National Geographic's 'Afghan Girl' returns home

 Afghanistan's President Ashraf Ghani met with Sharbat Gula, in blue, on Wednesday after she arrived in Kabul.

Story highlights

  • Sharbat Gula was greeted in the Afghan capital, Kabul, by President Ashraf Ghani
  • She was deported from Pakistan after pleading guilty to illegally staying in the country

(CNN)Sharbat Gula, the woman known as the "Afghan Girl" for her appearance on a 1984 National Geographic cover, is now living in Afghanistan once more after being deported on charges of illegally staying in Pakistan.

She was welcomed back by Afghan President Ashraf Ghani in Kabul on Wednesday, a presidential spokesman told CNN.
    Photographs released by the Afghan presidential office show Gula, in blue, and other family members standing and talking with the President.
    Gula, whose striking green eyes in a National Geographic cover photo made her face known around the world, was 12 when photographer Steve McCurry captured his iconic image of her living in a refugee camp for Afghan nationals in Peshawar.
    Now in her 40s, she was arrested in the same city last month for falsifying documents and illegally staying in Pakistan.
    Sharbat Gula was deported after admitting illegally staying in Pakistan
    Speaking to CNN last week from a hospital in Peshawar, where she was receiving treatment for a medical condition, Gula said: "I want to go back to Afghanistan, to my hometown."
    She pleaded guilty to the charges of illegally staying in Pakistan and was sentenced to 15 days in jail and fined, her lawyer Mohsin Darwar, told CNN.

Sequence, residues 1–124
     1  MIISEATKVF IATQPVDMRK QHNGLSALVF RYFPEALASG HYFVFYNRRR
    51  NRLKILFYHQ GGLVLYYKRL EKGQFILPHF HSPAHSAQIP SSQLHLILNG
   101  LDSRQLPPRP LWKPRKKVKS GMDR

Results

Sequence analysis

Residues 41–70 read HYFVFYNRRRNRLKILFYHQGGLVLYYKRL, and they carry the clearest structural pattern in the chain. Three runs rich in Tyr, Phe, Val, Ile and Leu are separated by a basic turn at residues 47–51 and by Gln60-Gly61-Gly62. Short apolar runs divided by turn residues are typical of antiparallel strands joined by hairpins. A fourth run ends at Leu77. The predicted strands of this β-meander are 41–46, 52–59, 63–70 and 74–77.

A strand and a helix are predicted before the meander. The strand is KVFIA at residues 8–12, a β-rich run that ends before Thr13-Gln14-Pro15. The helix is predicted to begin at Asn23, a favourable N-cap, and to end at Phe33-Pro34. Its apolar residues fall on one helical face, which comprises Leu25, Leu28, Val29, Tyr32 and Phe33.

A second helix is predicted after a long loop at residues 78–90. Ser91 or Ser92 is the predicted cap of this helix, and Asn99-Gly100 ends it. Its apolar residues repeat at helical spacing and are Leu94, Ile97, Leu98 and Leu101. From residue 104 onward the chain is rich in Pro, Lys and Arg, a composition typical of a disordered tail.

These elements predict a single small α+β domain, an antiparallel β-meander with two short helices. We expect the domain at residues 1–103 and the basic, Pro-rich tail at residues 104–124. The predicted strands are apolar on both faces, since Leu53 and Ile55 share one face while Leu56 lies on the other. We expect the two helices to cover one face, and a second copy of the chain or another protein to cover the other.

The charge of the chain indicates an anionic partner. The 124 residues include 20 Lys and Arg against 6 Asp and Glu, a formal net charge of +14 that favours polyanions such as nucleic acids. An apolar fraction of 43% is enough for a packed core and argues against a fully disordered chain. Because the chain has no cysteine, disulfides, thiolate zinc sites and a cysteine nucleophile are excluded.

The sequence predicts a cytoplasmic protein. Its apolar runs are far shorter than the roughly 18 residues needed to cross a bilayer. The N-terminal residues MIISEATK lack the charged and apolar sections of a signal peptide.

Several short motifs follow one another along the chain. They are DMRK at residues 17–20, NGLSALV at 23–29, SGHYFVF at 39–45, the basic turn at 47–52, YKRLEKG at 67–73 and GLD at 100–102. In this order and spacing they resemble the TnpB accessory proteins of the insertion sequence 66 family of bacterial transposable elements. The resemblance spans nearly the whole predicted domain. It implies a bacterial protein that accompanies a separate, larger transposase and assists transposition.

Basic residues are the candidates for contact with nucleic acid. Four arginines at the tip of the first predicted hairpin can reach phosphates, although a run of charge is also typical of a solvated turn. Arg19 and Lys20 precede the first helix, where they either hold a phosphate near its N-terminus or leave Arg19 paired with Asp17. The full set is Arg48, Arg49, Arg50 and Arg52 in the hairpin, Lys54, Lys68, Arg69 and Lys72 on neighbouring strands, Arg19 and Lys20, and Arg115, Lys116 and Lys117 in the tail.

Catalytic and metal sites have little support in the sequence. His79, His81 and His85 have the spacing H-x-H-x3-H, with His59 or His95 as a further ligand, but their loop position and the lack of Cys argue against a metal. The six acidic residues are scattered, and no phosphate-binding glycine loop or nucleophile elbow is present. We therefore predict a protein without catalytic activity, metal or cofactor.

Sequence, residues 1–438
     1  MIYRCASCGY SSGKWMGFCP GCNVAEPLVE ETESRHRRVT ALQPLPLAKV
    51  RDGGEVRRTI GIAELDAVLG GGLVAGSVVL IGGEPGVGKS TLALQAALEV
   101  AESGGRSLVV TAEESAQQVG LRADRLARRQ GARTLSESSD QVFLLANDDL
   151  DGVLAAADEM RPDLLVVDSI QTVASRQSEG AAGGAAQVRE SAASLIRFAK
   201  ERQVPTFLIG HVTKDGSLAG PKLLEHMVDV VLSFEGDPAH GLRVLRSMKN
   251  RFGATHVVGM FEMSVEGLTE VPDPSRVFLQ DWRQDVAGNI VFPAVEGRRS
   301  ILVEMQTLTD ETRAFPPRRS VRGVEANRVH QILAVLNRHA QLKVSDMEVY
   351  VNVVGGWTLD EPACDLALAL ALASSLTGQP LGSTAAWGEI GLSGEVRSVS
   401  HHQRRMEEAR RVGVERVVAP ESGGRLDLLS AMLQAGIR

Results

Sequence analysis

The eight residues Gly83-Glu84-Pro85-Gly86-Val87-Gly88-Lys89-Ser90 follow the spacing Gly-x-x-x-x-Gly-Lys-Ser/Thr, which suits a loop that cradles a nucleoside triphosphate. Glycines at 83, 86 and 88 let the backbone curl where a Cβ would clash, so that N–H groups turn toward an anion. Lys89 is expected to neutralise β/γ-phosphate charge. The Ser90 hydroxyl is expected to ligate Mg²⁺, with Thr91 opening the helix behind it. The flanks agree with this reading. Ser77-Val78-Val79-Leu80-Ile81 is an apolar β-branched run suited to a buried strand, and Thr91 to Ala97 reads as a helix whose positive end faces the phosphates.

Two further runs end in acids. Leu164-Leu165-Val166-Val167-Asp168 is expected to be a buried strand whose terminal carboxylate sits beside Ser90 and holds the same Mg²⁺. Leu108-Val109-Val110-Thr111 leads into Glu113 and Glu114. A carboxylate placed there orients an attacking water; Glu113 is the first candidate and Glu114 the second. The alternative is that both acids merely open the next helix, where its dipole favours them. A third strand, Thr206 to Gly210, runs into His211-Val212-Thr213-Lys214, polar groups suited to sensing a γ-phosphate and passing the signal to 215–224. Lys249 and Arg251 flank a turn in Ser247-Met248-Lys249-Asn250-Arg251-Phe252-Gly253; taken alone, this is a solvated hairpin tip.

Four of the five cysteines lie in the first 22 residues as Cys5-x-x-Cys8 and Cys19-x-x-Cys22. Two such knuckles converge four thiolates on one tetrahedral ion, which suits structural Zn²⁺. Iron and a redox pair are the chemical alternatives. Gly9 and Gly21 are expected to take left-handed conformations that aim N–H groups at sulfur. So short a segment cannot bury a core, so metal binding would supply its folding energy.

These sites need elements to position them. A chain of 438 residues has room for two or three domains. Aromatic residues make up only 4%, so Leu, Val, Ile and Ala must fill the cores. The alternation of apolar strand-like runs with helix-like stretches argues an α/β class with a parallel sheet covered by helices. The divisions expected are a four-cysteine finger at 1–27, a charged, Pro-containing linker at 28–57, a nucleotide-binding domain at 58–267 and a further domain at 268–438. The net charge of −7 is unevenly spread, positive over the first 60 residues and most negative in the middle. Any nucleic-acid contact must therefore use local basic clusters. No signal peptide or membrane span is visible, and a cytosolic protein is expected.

The sentence took into account the fact she has Hepatitis C, the condition for which she is receiving treatment, according to Mubashir Nazar, another lawyer representing her.

    Nephew: 'She never understood her fame'

    Gula's nephew, Neimat Gul, told CNN that his aunt had never understood the attention she had received in response to the famous magazine cover.
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    "She is very innocent. She never understood her fame, or the reason for it, which is why hasn't capitalized on it," he said. "Otherwise she would not be in situations like this."
    Amnesty International last week condemned the decision to deport Gula, calling it a "grave injustice."
    Human Rights Watch said since July 1, Pakistan has repatriated 370,000 Afghans, nearly 220,000 of them registered refugees.
    "They are joining more than 1 million internally displaced Afghans who are struggling to survive in a country still wracked by conflict and crushing poverty," the group said in a statement.